Cruz lifts hold; U.S. Senate confirms Bill Northey to USDA post

Source: By Donnelle Eller, Des Monies Register • Posted: Wednesday, February 28, 2018

After months of delay, Iowa Agriculture Secretary Bill Northey was confirmed to a top U.S. Department of Agriculture post Tuesday.

The 58-year-old Spirit Lake farmer becomes USDA’s undersecretary for farm production and conservation, following a U.S. Senate voice vote.

“While this process has taken longer than expected, I remain as excited as ever to work with Secretary Perdue and the staff at USDA to support of our nation’s farmers and ranchers,” Northey said in a statement.

U.S. Ag Secretary Sonny Perdue, one of Northey’s strongest proponents, has said he needs the Iowan to help hammer out a new Farm Bill with lawmakers.

“I applaud Bill Northey’s patience over these many months, which demonstrates what a strong leader he will be at USDA,” Perdue said in a statement Tuesday. “Bill will come aboard at a crucial time, as his knowledge and expertise will be immediately put to use.”

Northey’s job will encompass the USDA’s “domestic-facing agencies”: the Farm Service Agency, the Natural Resources Conservation Service, and the Risk Management Agency.

It’s a new configuration under the department’s reorganization.

Northey’s appointment had been blocked by U.S. Sen. Ted Cruz over an ethanol dispute since September.

Iowa Sens. Chuck Grassley, Joni Ernst and others met with Cruz, President Donald Trump, Perdue and Scott Pruitt, administrator of the Environmental Protection Agency, Tuesday to discuss Cruz’s concerns.

Grassley said no ethanol deals were reached. “I didn’t go down there thinking we’d reach a deal, and we didn’t,” Grassley said in a press conference Tuesday afternoon. “We went down there to have some good discussion.”

Oil proponents blame the close of a Pennsylvania refinery on the cost of complying with the Renewable Fuel Standard, a federal mandate that biofuels be blended into the national fuel supply.

Iowa is the nation’s top producer of ethanol and biodiesel.

“One good thing came from the meeting: We got the hold on Northey raised,” Grassley said. “Now, he can get to work helping farmers all across the country.”

Ernst said she does not know what role Trump played in convincing Cruz to lit his hold on Northey.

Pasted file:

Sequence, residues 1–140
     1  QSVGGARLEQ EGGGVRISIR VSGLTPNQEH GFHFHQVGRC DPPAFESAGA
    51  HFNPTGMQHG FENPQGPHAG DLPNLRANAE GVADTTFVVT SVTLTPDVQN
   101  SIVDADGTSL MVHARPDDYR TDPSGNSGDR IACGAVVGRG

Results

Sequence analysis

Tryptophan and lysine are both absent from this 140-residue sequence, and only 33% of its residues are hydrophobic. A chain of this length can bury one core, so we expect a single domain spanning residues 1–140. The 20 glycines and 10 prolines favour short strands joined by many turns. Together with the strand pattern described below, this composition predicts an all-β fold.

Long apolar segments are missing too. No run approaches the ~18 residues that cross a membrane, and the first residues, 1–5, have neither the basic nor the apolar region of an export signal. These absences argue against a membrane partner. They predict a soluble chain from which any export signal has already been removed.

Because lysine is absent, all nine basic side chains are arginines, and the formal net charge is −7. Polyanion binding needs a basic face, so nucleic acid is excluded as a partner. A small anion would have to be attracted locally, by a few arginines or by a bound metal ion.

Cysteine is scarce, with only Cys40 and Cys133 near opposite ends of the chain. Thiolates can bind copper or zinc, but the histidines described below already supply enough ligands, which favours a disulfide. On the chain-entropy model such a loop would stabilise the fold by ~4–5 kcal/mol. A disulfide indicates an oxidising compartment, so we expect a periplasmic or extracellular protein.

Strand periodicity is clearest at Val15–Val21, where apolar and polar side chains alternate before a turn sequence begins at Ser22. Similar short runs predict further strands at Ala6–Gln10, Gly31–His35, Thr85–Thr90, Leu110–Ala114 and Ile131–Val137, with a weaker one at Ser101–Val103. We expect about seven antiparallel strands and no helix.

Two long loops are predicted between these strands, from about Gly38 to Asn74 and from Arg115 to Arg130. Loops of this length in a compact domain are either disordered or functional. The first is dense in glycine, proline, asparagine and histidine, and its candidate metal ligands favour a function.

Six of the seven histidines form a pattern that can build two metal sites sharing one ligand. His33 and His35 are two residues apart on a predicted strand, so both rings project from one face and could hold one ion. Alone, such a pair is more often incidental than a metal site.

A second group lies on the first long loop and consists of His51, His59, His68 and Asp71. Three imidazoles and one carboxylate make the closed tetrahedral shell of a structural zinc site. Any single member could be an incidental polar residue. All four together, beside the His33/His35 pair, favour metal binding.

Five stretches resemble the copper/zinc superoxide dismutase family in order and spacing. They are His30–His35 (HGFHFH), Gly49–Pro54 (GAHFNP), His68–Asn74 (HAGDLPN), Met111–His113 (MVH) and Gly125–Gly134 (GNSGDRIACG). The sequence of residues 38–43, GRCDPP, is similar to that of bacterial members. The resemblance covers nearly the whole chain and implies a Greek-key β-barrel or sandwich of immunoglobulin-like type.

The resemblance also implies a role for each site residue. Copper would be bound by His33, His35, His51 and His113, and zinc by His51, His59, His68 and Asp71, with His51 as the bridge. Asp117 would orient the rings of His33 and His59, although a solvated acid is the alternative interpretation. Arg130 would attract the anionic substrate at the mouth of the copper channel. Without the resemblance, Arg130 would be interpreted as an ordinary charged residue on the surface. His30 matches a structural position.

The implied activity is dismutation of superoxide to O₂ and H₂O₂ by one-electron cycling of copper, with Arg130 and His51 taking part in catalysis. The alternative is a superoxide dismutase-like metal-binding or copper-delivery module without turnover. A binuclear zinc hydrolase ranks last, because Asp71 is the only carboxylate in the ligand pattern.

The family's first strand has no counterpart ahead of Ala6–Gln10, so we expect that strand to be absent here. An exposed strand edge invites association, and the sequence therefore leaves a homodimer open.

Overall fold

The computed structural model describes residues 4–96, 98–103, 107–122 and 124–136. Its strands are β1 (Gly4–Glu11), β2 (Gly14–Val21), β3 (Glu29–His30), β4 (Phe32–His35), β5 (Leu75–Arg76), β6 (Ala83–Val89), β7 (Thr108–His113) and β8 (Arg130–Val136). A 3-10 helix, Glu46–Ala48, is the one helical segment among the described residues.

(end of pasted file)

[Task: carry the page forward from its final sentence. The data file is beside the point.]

Monte Shaw, executive director of the Iowa Renewable Fuels Association, said Cruz used his “hold on the confirmation vote as a political football in an attempt to undermine the RFS.”

“While it took too long, Senator Cruz finally realized that Northey had no interest in being confirmed on the back of dismantling the RFS,” Shaw said.

Iowa Republicans sent a letter to Cruz this month, saying his ongoing blockade could do lasting damage to his standing in the first-in-the-nation caucus state and perhaps imperil a future run for president.

Cruz said he wanted to meet with the president and Midwest lawmakers about his concerns over ethanol.

Ernst said Cruz kept “moving the bar a bit further — again and again” on releasing his hold on Northey’s confirmation, despite meetings with her, Grassley and top White House leaders.

“We had the very same conversation (Tuesday) that we had in December,” Ernst said, with no different outcome.

Ernst said Trump wants to talk with members of the renewable fuels industry, a meeting that could take place this week.

She said the administration provided no guarantees to Iowa lawmakers that changes wouldn’t be made to the federal biofuels mandate.

“We support our biofuels, Cruz supports his big oil, and we’re going to be fighting this out,” Ernst said.

Northey’s office said his resignation as Iowa agriculture secretary and swearing-in to his new post is still being finalized and would be announced later.

Gov. Kim Reynolds praised Northey on Tuesday and said she plans to name a new ag secretary to fulfill his term, which runs through 2018, soon after he resigns to take his new job.

“Bill Northey is a talented, passionate, hard-working Iowan, and I am excited to see him serve in this new role,” said Reynolds, adding that Northey has provided “rock solid leadership in times of droughts, floods and an avian flu outbreak.”

He has served as Iowa ag secretary for 11 years.

Mark Recker, president of the Iowa Corn Growers Association Board, said the group is “thankful to have someone with such a deep agricultural leadership background in this vital position.”

Craig Hill, president of the Iowa Farm Bureau Federation, said Northey has  been instrumental in “advocating for Iowa farmers seeking new and improved conservation practices.”

Northey led efforts to create Iowa’s Nutrient Reduction Strategy, a plan to reduce by 45 percent the nitrogen and phosphorus leaving the state and contributing to the Gulf of Mexico dead zone.

U.S. Secretary of Agriculture Sonny Perdue talks about the importance of Iowa’s place in the world of agriculture. Michael Zamora/The Register

Bill Shipley, president of the Iowa Soybean Association Board, said Northey’s skills are needed as “issues impacting the profitability of the state’s farmers continue to grow.”

That includes writing a new Farm Bill, “maintaining and opening new trade markets for Iowa-grown soybeans, and keeping policies and regulations in place that favor a strong ag economy,” Shipley said in a statement.

Northey said he deeply appreciated “the people of Iowa” giving him the opportunity to serve as ag secretary.

“Working with and learning from the men and women who make Iowa agriculture the dynamic and productive industry that feeds the world has been the honor of a lifetime,” he said.

Several candidates have lined up for the top ag job after Northey’s nomination to the federal post, including Deputy Ag Secretary Mike Naig and Craig Lang, a former Farm Bureau president.

Iowa Rep. Pat Grassley, a grandson of Sen. Grassley’s, was a front-runner to fill the soon-to-be vacant position, but he’s since decided to run for re-election.